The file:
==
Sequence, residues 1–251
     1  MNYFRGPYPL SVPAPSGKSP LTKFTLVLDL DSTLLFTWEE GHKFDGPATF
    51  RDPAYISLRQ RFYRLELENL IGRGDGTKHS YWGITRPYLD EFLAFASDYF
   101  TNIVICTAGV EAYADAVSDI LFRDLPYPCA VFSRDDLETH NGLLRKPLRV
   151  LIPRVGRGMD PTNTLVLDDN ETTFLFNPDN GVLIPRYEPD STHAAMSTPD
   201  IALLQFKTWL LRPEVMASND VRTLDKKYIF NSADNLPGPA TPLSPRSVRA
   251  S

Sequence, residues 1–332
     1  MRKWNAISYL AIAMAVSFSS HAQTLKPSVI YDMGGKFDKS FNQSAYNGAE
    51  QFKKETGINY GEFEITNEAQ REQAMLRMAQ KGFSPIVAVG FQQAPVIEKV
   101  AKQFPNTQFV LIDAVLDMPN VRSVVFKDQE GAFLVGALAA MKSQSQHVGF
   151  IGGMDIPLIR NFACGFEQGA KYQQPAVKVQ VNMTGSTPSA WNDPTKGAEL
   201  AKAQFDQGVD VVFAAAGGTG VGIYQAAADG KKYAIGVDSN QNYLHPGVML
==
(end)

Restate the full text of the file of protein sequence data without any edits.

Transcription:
Sequence, residues 1–251
     1  MNYFRGPYPL SVPAPSGKSP LTKFTLVLDL DSTLLFTWEE GHKFDGPATF
    51  RDPAYISLRQ RFYRLELENL IGRGDGTKHS YWGITRPYLD EFLAFASDYF
   101  TNIVICTAGV EAYADAVSDI LFRDLPYPCA VFSRDDLETH NGLLRKPLRV
   151  LIPRVGRGMD PTNTLVLDDN ETTFLFNPDN GVLIPRYEPD STHAAMSTPD
   201  IALLQFKTWL LRPEVMASND VRTLDKKYIF NSADNLPGPA TPLSPRSVRA
   251  S

Sequence, residues 1–332
     1  MRKWNAISYL AIAMAVSFSS HAQTLKPSVI YDMGGKFDKS FNQSAYNGAE
    51  QFKKETGINY GEFEITNEAQ REQAMLRMAQ KGFSPIVAVG FQQAPVIEKV
   101  AKQFPNTQFV LIDAVLDMPN VRSVVFKDQE GAFLVGALAA MKSQSQHVGF
   151  IGGMDIPLIR NFACGFEQGA KYQQPAVKVQ VNMTGSTPSA WNDPTKGAEL
   201  AKAQFDQGVD VVFAAAGGTG VGIYQAAADG KKYAIGVDSN QNYLHPGVML